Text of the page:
Bacterial pore-forming toxins: Indirect and direct effects on immune cells

Pore-forming toxins are produced by many pathogenic bacteria and are important virulence factors. These toxins bind as monomers to receptors in the plasma membrane (e.g. cholesterol or a surface receptor) and form a transmembrane pore, which leads to the death of the affected cells. However, our cells possess plasma membrane repair mechanisms that enable them to survive these detrimental attacks.

Indirect effects of pore-forming toxins on immune cells: polarization of macrophages

In a prominent membrane repair process, induced by annexin-protein family members, parts of the toxin-damaged plasma membrane are pinched off in the form of repair-microvesicles. We investigate the effects of these repair-microvesicles on different immune cell types.

We were able to show that repair-microvesicles are recognized by macrophages. The repair-microvesicles induce a strong immune response against toxin-producing bacteria by polarizing macrophages to a novel pro-inflammatory phenotype (Köffel et al., 2018).

Direct effects of pore-forming toxins on immune cells: plasma membrane damage and -repair mechanisms

In bacterial infections, pore-forming toxins also kill primarily immune cells, which migrate infection sites to fight the bacteria. We investigate the resistance of different immune cell types to pore-forming toxins from different pathogens.

We were able to show that in lymphocytes and macrophages resistance to e.g. pneumolysin (from Streptococcus pneumoniae) differs as a direct result of distinct plasma membrane repair efficiency and lipid architecture of the plasma membrane (Schoenauer et al., 2019; Larpin et al., 2020).

Dendritic cell biology and annexins

Dendritic cells (DCs) are a heterogeneous population of specialized antigen presenting cells that are located at the outmost barriers of our human body. They have critical functions in orchestrating immune responses and act as immune guardians. Langerhans dendritic cells (LCs) represent a highly abundant subtype of DCs, residing in epithelial tissues (epidermis/mucosae), where they build a cell network. Epidermal LCs are suggested to be important in the local control of T cells and tissue responses. Thus, disturbances of the epidermal LCs network or function could therefore play a role in inflammatory skin disorders.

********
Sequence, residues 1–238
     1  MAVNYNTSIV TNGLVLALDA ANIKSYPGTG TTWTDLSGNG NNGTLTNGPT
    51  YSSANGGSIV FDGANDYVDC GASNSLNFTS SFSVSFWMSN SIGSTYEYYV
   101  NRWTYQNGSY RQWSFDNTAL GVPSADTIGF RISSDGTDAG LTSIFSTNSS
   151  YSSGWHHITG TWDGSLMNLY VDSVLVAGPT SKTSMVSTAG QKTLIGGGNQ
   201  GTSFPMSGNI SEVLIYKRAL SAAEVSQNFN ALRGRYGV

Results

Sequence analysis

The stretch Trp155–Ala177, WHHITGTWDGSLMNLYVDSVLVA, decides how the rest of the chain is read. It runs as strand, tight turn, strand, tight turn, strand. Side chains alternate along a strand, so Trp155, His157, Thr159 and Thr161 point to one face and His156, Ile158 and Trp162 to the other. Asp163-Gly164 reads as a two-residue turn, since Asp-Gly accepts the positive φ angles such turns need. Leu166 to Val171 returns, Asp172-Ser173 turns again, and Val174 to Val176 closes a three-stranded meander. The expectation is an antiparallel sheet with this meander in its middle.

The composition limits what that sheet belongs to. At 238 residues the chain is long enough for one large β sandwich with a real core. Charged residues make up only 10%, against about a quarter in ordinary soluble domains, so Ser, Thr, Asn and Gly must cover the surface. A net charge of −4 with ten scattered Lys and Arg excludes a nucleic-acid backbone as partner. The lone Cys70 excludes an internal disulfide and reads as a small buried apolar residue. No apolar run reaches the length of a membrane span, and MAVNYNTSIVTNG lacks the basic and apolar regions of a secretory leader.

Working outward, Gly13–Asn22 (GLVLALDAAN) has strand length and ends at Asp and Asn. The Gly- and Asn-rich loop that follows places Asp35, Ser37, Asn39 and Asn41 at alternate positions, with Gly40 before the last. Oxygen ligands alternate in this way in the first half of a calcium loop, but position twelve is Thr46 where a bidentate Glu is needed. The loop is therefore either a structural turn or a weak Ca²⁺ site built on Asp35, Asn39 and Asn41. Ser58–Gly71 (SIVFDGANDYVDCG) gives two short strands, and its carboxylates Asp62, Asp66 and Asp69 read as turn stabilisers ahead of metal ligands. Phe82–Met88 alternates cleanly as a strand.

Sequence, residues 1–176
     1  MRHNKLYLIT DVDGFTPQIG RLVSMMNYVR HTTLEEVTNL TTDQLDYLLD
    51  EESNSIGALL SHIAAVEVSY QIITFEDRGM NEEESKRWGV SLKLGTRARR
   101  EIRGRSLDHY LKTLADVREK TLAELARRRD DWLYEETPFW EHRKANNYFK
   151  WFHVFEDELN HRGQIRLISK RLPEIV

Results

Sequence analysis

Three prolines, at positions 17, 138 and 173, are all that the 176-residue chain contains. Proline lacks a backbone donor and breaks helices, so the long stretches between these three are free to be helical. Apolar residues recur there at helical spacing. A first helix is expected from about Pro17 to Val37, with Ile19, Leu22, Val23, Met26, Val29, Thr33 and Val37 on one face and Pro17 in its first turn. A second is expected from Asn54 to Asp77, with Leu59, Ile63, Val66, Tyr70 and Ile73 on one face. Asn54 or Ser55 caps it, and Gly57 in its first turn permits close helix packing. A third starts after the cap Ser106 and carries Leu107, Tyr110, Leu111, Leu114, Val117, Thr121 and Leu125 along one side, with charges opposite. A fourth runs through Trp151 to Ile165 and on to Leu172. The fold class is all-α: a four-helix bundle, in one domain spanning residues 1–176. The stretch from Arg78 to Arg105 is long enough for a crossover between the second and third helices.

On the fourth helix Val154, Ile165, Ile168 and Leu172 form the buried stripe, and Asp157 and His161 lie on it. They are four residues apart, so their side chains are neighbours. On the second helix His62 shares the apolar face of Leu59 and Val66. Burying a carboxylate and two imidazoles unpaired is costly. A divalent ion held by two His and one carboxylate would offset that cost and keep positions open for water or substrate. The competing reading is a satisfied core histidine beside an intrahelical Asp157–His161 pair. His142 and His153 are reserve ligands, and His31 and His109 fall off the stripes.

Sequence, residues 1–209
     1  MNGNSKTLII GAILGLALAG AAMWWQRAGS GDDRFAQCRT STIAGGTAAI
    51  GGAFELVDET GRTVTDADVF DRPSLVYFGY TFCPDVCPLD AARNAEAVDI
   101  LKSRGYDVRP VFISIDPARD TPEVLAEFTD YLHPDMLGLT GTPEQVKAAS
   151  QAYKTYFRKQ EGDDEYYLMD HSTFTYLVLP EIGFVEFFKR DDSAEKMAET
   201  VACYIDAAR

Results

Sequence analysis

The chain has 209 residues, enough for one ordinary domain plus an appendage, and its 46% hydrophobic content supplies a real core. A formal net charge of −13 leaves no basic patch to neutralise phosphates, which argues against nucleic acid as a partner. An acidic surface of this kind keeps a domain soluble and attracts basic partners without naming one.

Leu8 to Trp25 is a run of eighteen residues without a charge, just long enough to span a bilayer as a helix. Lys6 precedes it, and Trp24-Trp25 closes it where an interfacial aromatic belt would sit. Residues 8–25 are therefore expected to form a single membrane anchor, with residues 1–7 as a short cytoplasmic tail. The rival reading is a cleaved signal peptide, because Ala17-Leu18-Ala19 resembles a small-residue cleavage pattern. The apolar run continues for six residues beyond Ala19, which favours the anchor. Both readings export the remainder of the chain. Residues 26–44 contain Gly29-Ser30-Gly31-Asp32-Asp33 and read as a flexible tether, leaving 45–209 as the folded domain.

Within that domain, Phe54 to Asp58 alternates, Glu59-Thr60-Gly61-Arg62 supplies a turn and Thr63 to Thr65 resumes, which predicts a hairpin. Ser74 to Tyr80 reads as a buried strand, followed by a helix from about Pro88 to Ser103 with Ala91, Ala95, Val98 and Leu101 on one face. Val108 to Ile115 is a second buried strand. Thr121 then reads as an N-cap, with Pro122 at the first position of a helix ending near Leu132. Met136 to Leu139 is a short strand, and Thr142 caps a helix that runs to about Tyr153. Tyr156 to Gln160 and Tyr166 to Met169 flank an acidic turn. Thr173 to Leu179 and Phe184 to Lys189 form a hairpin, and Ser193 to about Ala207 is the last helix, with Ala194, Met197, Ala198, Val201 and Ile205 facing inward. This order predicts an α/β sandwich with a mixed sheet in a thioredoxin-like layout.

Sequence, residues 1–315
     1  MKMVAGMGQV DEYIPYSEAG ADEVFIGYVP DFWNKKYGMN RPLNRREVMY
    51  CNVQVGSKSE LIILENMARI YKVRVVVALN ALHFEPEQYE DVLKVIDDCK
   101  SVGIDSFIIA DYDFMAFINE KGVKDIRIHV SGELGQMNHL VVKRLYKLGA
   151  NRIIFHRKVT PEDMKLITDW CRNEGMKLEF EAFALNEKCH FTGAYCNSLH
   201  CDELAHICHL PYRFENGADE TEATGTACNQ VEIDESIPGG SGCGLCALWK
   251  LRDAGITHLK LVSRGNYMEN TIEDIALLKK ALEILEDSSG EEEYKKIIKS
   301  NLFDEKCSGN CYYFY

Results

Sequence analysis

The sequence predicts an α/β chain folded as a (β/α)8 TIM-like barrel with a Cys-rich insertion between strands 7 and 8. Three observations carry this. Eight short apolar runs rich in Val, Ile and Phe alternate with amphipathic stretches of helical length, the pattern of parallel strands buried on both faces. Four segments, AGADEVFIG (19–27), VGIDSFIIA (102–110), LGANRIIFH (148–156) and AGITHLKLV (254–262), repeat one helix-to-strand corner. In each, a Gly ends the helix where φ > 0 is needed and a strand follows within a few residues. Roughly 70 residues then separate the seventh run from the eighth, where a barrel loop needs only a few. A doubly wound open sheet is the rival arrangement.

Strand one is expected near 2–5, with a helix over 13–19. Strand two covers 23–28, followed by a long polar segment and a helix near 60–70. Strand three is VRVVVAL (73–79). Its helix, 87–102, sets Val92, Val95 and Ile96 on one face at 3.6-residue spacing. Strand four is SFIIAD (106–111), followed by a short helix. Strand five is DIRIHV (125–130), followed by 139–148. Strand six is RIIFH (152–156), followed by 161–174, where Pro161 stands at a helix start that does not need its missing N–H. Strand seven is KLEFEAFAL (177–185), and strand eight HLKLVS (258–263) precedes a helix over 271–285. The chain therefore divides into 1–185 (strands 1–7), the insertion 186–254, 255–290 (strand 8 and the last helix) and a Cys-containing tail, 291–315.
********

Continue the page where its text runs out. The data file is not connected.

The annexin family consists of 12 structurally related Ca2+ and phospholipid-sensing proteins, which exert various functions, ranging from membrane repair to more physiological roles in apoptosis and inflammation homeostasis. We find annexin family members expressed in skin tissue and in DCs subsets in mouse and human.

We investigate the function of annexins in inflammatory skin diseases f.e. psoriasis, with special focus on LCs function.

Current projects

  • Effects of repair-microvesicles (triggered by distinct pore-forming toxins, e.g. streptolysin O) on myeloid immune cells, e.g. macrophages and granulocytes.
  • Correlation between toxin pore structure (e.g. pore size) and mode of membrane repair.
  • Annexin-mediated repair mechanisms in different immune cells.
  • Functions of AnnexinA1 in skin diseases and dendritic cells.


  • Prof. Thomas Pabst, Department of Medical Oncology, Inselspital, Bern
  • Prof. Benoît Zuber, Institute for Anatomy, University of Bern
  • Prof. Horst Posthaus, Vetsuisse Faculty, University of Bern
  • Prof. Nikhil Yawalkar, Department of Dermatology, Inselspital, Bern
  • Prof. Ursula Rescher, University of Münster, Germany